Peter Copley, the actor who brought Doctor Warlock to life in the 4th Doctor adventure: Pyramids of Mars died on October 7 aged 93. He was a lean, lively and incisive actor of classical inclination who came to prominence in the post-war heyday of the displaced Old Vic Company at the Albery (then the New) when Laurence Olivier, Ralph Richardson and John Burrell were in charge.
When it looked as if that institution might become the long-awaited National Theatre, Copley was winning recognition in some of its most famous productions for his precision, timing, and intensity. He played secondary roles with first-rate understanding: Tranio, Mowbray, Edmund, Aguecheek, Laertes.
He later acted most efficiently in Ronald Millar's successful adaptations at the Strand, for John Clements, of the CP Snow novels; and in 1963, having played his share of lawyers, schoolmasters, priests, pedants and other advocates of verbal precision, he was himself called to the Bar by the Middle Temple.
He continued, however, to practise as one of the most reliable actors in the West End, the provinces and on television.
Copley's 30-year film career produced two roles of note: as Paul Mandrake in Victim (1961), and as the inflexible colonel in King and Country (1964), both starring Dirk Bogarde. His other films included Empire of the Sun, Little Lord Fauntleroy, Suspense and Shout at the Devil. He was the jeweller in the 1965 Beatles film Help!
His television appearances included such programmes as Hot Metal, The Trial of Klaus Barbie, Never Say Die, Return of Treasure Island and Miss Marple.
In the 1990s he took roles in Casualty, Cadfael and Where The Heart Is, and made his final television appearance earlier this year in an adaptation of Terry Pratchett's Colour of Magic. Copley's final film appearance was as the dining-master in Roman Polanski's Oliver Twist (2005).
Peter Copley was born on May 20 1915 at Bushey, Hertfordshire. He studied for the stage at the Old Vic School under Harcourt Williams and Murray Macdonald and spent his first two years with the Old Vic Company.
His second West End job, in 1935, was as Lucius in Nugent Monck's revival of Timon of Athens (with Ernest Milton) at the Westminster, and for the next 15 years he never drifted far from the classics, either touring South America with Edward Stirling's company, or in seasons at the Dublin Gate or Oxford Playhouse.
With Donald Wolfit's company he appeared as Edgar in King Lear at the St James's in 1943. He was in Jacques Bernard's Madeleine (Lyric, Hammersmith), in which his first-wife-to-be, Pamela Brown, played the title role. Before returning to the Old Vic in 1945 for its great period in exile in St Martin's Lane, he spent five months as director of Worthing Rep.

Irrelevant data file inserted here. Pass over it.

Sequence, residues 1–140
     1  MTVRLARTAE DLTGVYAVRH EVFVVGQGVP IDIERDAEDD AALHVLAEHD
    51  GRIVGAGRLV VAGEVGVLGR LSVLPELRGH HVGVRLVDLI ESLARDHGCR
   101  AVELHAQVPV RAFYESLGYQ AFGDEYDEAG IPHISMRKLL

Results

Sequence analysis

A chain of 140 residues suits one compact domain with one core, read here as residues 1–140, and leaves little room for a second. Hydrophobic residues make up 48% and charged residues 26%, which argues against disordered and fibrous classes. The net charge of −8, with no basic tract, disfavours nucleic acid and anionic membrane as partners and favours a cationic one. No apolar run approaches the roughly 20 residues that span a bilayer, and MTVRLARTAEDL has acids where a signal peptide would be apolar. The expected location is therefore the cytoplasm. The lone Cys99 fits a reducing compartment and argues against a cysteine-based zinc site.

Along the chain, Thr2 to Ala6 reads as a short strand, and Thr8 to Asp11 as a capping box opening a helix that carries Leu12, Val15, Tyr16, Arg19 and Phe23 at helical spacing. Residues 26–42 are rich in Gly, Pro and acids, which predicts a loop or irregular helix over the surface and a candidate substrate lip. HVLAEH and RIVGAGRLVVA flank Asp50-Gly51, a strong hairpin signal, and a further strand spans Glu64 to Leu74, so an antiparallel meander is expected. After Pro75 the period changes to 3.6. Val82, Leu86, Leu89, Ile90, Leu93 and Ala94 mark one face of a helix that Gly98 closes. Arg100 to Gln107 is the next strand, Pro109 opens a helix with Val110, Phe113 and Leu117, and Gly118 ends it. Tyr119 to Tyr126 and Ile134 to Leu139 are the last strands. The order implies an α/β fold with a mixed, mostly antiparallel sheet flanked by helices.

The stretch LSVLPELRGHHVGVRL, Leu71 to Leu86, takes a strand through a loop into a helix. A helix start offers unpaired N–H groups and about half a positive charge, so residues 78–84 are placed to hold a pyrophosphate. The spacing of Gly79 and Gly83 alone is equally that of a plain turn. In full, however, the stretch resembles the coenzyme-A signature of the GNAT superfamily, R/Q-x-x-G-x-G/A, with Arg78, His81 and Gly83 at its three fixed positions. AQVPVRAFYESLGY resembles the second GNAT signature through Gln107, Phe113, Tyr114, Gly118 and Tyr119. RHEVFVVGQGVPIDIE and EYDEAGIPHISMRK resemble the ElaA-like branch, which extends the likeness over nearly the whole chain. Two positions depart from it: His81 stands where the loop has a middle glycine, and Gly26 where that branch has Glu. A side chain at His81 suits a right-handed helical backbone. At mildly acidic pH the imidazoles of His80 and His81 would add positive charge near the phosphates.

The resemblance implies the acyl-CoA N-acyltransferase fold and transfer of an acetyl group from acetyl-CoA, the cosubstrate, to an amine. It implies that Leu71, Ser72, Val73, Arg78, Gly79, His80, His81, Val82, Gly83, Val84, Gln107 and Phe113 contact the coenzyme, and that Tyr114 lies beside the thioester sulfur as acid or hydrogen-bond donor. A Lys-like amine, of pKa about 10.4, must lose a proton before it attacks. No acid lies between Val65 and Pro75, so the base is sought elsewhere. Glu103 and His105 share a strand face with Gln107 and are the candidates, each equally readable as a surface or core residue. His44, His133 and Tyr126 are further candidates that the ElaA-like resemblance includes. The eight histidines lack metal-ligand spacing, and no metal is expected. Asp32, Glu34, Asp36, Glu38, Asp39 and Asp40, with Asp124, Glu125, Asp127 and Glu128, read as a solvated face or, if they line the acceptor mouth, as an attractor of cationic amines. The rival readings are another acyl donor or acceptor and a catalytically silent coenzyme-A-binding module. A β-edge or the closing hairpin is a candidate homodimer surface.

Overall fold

With the Old Vic, at what became the Albery, Copley played in 16 productions in five years, including Sneer in Sheridan's The Critic (to Olivier's Puff); Edmund to Olivier's King Lear; de Valvert to Ralph Richardson's Cyrano de Bergerac; Ananias in The Alchemist (opposite Alec Guinness); Tranio to John Clements's Petruchio in The Taming of the Shrew; Mowbray in Richard II; Sir Andrew Aguecheek in Twelfth Night; and Laertes in Michael Redgrave's Hamlet.
His Mr Jingle in The Trial of Mr Pickwick (Westminster) was a charming performance, and he did sterling work in versions by Ronald Millar of CP Snow's novels – as Alec Nightingale in The Affair, Sir Hector Rose in The New Men, and Charles Chrystal in The Masters. These had long runs at the Strand in the early 1960s.
Other West End appearances included Mr Nox in The Old Boys (Mermaid), Cravatar in Dear Antoine (Piccadilly) and Inspector Pleat in Something's Burning (Mermaid); he was in Strife (National), Fruits of Enlightenment (National) and Artist Descending A Staircase (Duke of York's).
At both Leicester's Haymarket and the Bristol Old Vic Copley did distinguished work in the 1980s, most notably as Duncan in Macbeth, Orgon in Tartuffe, Chebutykin in Three Sisters and Voysey in The Voysey Inheritance, in which his dry and precise manner was particularly suited to Granville-Barker's austere patriarch.
Peter Copley was married three times: first to the actress Pamela Brown, from whom he was separated and who died in 1975; secondly to Ninka Dolega; and, thirdly, to the writer Margaret Tabor, who survives him with a daughter and two stepchildren.